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These Millennial trends in the workplace affect all of us.

Millennials now represent 34 percent of the workforce, edging out both Generation X and the throngs of retirement-focused Baby Boomers. By 2020, they are expected to represent almost half (46 percent) of the workplace. As a result, Millennials are changing the way business is done and redefining workplace culture at the same time.

Technology and the need to conduct business across multiple time zones has made working from home and flexible hours more possible than ever. Millennials not only prefer that work style; they often request it, along with more relaxed dress codes, collaborative work environments, and flat workplace hierarchies. They shun busy work, hate the idea of working in silos, and see little reason to treat their boss, or even their boss’ boss, any differently than they treat the co-worker in the next cubicle.

“It almost has to happen,” Dr. Fuller adds. “Millennials will choose the workplace that allows them to work on a team and feel like they’re part of something more meaningful than ROI and profit margins.

“Why put in eight hours, if you can complete a project just as efficiently in three?” they ask. In many offices, particularly those still run by Baby Boomers who have spent careers filling out time cards and, in some industries, punching time clocks, the generational divide is particularly evident.

Measuring success

“This generation has watched their Boomer grandparents work 60-hour weeks, only to ultimately lose their jobs and their pensions,” says retired Professor of Business Psychology, Connie Fuller. “Millennials want a different life for themselves. Their success is not measured in dollars and cents.”

While the current office mindset is very bottom-line focused, she believes Millennials will lead the shift toward a work culture that is more focused on relationship building and developing employees to reach their full potential.

“It almost has to happen,” Dr. Fuller adds. “Millennials will choose the workplace that allows them to work on a team and feel like they’re part of something more meaningful than ROI and profit margins. That, by definition, will help bring the workplace back into balance.”

Development opportunities are, in fact, a higher priority than salary when Millennials are job-hunting, PricewaterhouseCoopers found when surveying more than 4,000 members of the generation for their report, “Millennials at Work: Reshaping the Workplace.”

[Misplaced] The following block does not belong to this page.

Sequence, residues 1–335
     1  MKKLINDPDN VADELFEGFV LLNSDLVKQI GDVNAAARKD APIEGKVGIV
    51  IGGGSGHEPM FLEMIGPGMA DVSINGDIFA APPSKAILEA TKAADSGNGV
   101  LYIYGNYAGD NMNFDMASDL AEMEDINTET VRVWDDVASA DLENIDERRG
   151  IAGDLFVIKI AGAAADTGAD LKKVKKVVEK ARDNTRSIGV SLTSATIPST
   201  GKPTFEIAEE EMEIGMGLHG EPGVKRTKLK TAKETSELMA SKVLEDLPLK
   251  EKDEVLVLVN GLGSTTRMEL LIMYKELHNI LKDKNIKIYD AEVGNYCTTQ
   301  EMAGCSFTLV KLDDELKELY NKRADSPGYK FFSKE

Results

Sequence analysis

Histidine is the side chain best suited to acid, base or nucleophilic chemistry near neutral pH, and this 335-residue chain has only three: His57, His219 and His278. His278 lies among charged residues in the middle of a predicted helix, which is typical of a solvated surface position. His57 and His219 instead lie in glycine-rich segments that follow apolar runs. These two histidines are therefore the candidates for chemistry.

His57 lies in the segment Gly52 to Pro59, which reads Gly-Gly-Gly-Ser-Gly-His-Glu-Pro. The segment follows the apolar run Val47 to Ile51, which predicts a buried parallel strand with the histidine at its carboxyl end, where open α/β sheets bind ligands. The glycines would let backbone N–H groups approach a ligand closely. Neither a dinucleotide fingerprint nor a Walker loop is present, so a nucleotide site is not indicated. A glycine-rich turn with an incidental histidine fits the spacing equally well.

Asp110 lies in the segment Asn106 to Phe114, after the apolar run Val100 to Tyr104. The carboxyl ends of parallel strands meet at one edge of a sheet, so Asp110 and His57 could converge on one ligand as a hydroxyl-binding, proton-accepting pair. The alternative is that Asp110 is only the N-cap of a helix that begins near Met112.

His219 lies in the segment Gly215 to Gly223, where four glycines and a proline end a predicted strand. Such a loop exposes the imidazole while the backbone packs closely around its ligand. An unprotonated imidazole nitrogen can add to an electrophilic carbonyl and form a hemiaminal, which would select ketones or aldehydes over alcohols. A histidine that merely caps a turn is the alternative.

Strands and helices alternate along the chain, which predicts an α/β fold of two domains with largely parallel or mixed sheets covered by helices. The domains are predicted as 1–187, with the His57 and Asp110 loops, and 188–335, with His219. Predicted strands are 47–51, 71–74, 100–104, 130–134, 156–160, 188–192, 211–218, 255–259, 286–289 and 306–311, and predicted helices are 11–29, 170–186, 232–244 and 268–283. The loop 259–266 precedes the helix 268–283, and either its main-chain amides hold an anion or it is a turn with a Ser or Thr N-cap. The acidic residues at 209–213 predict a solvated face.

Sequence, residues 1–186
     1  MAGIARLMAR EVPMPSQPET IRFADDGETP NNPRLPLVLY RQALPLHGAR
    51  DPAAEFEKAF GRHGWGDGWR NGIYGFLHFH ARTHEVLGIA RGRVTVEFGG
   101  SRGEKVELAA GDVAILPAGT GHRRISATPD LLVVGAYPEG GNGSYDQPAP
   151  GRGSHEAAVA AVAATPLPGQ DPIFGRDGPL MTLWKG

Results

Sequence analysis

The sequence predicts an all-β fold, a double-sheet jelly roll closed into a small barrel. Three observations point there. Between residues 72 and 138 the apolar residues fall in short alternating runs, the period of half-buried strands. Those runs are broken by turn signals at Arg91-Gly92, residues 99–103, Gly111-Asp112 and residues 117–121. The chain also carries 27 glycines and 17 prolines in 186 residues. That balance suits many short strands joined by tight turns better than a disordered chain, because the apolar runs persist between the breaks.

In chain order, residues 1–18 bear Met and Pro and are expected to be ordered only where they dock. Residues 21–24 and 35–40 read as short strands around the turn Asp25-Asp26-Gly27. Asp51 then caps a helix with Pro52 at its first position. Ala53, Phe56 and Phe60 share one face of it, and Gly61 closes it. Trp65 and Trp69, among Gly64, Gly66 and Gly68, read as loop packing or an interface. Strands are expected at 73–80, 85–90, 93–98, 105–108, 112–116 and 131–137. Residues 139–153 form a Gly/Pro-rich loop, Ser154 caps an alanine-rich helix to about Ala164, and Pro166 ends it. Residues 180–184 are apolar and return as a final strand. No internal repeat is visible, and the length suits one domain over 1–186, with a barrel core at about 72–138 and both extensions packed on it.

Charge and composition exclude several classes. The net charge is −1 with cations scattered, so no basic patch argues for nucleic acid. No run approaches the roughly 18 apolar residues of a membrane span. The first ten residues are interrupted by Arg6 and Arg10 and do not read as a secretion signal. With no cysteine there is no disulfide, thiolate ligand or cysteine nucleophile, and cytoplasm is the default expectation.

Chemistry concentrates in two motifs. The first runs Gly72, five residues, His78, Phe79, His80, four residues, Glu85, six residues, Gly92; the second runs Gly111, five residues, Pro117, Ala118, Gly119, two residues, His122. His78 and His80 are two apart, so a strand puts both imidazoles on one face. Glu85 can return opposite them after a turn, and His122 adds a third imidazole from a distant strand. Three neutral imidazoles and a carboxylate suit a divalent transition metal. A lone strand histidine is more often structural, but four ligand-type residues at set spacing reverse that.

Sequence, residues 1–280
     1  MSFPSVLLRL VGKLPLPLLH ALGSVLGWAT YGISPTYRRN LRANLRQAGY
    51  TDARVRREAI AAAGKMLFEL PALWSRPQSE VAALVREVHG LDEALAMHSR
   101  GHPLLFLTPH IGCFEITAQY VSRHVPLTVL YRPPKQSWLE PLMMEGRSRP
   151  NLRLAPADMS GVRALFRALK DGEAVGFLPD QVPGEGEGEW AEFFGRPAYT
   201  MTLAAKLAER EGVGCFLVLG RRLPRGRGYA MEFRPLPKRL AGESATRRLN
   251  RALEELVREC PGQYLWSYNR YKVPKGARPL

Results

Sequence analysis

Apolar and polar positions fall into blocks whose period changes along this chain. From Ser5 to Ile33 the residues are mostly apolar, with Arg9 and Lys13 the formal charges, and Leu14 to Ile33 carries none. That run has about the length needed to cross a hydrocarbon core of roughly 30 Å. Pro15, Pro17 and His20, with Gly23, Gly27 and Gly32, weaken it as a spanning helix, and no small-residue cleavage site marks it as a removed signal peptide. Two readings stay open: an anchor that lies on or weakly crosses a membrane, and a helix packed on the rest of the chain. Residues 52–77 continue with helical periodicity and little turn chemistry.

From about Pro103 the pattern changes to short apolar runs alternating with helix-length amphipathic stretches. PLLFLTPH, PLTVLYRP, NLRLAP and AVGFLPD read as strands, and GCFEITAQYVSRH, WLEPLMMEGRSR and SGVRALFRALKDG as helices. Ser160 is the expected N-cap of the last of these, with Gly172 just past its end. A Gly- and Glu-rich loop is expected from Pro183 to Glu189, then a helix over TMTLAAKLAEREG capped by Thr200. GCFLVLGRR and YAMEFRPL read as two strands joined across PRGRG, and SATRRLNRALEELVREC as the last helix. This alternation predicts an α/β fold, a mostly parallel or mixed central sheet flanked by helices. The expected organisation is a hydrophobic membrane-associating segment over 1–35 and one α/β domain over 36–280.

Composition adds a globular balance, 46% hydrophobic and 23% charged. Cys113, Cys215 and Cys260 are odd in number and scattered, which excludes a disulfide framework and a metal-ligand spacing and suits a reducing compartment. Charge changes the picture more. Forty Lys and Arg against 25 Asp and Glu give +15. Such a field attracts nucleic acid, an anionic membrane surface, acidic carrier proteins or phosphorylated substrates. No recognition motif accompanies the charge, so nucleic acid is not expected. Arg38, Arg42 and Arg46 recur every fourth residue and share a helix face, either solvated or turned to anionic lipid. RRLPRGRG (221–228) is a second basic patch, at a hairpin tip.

And while some in the older generations might see that as more evidence of stereotypically helicoptered Millennial childhoods carrying into adult life, Dr. Fuller is more positive.

Young workers today are also demanding more frequent and more specific evaluation, much like the red-pen scrawls on college term papers that left little doubt about how they were doing and what needed improvement. This need for constant feedback has begun to change the face of performance reviews in some companies. The practice of offering an initial sit-down evaluation meeting at the end of a six-month probationary period, followed by annual reviews, is gradually being replaced by performance management systems that provide more immediate, specific, and continuous feedback.

Generation of rubrics

Washington D.C. Campus Dean Heather Sheets confirms this, referring to Millennials as “the generation of rubrics.” They insist on knowing ahead of time exactly what they’re going to be graded on—what counts and what doesn’t.

And while some in the older generations might see that as more evidence of stereotypically helicoptered Millennial childhoods carrying into adult life, Dr. Fuller is more positive.

“This generation wants to know right away if they did something right and how they should be doing it differently or better,” she says. “They are trying to be better employees and long term, that’s good for business.”

As the first generation to grow up with the internet, they also know how to harness the power of social media and crowdsourcing for the greater good, whether it be to solicit investors for a startup or raise funds for a favorite cause.

They see the world as an interconnected network of communities and are eager to find their place in making those communities stronger, safer, and more just.

“They don’t like being at a job for a year and still not understanding the impact they’re having,” says Dr. Fuller. “If an employer isn’t giving them what they want or doesn’t share their values, they have no qualms about leaving to find a better fit.

Millennial mantra

Meanwhile, work-life balance has become the Millennial mantra (ranking second in priority in the PricewaterhouseCoopers survey—less important than professional development and more important than salary). Time spent on the job represents just a single piece of the puzzle that comprises their day. There needs to be time for recreation, community service, family, and friends.

“While there are always exceptions, the Millennials I have observed at The Chicago School and elsewhere are more altruistic than previous generations. They seek happiness over money, and are not as competitive in terms of material goods as previous generations have been,” Dr. Fuller adds. “They are more collaborative and seem to focus on the greatest good for the most people. Because of those things, I do believe they can make the world a better place than it has been for quite a while.”

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